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Many of Juneau's sprinklers uninspected

Owners who miss inspections may face financial ramifications

Posted: Tuesday, November 08, 2005

With less than two months left in 2005, only about half of Juneau's 200 sprinkler-equipped buildings have had their required annual inspections, Juneau Fire Marshal Richard Etheridge said.

State law mandates the inspections every year. Etheridge said building owners who miss their inspections face financial ramifications.

Buildings with certified sprinkler systems get a property tax break of 2.5 percent, he said. Owners also can save on fire insurance.

The best reason to inspect fire-suppression sprinklers has little to do with money, according to the president of the company that inspects most of the systems in Southeast Alaska.

"Every year three or four systems (in Southeast Alaska) put out fires and save lives," said Jeff Duvernay of Harri Plumbing and Heating.

Duvernay said the insurance price break can range from about 7 to 12 percent.

The systems often can be found protecting apartment buildings, group care centers, hotels and commercial properties. Etheridge said commercial buildings 12,000 square feet or larger - about the size of the larger downtown gift shops - have sprinkler protection in Juneau.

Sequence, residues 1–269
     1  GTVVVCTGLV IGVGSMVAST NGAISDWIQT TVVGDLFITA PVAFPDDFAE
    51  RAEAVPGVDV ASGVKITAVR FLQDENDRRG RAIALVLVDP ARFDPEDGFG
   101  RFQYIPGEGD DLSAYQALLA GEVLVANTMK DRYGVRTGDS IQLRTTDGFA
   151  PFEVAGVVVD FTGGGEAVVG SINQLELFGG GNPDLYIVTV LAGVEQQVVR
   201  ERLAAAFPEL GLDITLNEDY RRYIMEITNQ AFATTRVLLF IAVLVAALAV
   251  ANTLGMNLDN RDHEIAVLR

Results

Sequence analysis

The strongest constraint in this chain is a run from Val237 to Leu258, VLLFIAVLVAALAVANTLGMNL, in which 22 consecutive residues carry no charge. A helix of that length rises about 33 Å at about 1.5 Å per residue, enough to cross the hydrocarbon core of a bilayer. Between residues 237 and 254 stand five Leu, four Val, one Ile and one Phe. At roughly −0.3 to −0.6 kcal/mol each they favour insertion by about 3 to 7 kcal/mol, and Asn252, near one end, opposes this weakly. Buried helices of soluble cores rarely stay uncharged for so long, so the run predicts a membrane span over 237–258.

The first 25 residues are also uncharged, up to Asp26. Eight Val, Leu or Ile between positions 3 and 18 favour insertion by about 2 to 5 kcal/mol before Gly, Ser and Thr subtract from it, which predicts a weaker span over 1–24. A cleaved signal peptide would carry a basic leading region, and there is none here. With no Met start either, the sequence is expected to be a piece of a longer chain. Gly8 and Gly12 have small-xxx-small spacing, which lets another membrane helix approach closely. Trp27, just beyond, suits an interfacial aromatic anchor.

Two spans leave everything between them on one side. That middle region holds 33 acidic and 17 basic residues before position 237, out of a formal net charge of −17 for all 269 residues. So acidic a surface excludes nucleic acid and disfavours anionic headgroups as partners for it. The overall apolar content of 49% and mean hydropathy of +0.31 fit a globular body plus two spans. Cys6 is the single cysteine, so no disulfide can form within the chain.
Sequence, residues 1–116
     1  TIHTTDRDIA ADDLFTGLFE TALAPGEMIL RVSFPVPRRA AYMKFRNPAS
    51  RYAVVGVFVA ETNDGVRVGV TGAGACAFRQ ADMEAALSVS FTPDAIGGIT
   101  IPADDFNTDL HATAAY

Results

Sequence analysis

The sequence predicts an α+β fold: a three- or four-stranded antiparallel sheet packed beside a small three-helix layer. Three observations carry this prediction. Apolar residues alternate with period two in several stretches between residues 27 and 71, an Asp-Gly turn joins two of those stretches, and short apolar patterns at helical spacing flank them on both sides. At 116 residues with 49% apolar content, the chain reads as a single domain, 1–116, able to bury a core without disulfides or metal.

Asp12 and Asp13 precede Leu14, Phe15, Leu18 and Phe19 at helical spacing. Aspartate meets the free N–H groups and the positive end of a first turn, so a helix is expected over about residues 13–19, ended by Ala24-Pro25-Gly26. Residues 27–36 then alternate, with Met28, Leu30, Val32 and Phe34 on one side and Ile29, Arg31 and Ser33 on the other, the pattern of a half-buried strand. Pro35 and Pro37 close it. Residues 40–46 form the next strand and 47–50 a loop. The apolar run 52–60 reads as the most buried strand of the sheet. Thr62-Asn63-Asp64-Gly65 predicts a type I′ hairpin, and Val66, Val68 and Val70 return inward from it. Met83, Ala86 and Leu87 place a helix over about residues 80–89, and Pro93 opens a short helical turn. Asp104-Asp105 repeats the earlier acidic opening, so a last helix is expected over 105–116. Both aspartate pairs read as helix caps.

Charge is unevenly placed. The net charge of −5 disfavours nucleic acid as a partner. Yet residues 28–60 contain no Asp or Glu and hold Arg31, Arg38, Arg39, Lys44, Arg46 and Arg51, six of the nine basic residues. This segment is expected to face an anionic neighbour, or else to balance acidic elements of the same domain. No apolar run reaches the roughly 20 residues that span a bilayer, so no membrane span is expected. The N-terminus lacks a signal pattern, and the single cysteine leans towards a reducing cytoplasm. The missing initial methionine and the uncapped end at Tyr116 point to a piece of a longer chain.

Duvernay said they are good for all types of buildings, but single-family homes "are not that big of a market - yet." There are places in the country where codes require sprinkling systems in new single-family homes, he said, but those generally require protecting bedrooms and routes leading up to the exits, focusing on protecting people inside the building more than the property and contents.

But to protect anything, sprinklers have to work, he added.

Inspections sometimes reveal problems in systems where none have been found before, Duvernay said. He has seen inspections turn up pieces of wood in the pipes that could block the flow of water, as well as pipes leaking or valves being shut off, making them useless.

The approaching cold weather, along with the diminishing calendar year, makes it important for people to get their sprinkler systems inspected, Etheridge explained. Systems in Juneau most often have pipes charged with air that stay dry until a sprinkler is activated. Inspections can turn up water collecting in the pipes, risking damage by freezing.

Sprinkler heads sometimes are damaged, he said, but they can be replaced with heads that won't be susceptible to the same damage, Etheridge said. In places such as basements and garages, they can be corroded by salt in the humid air. One of the newer sprinkler designs fights corrosion with a wax coating.

Guests sometimes damage hotel and motel sprinkler heads by hanging things from them, he said. A new sprinkler system that hides the head under a plate until it is needed prevents that.



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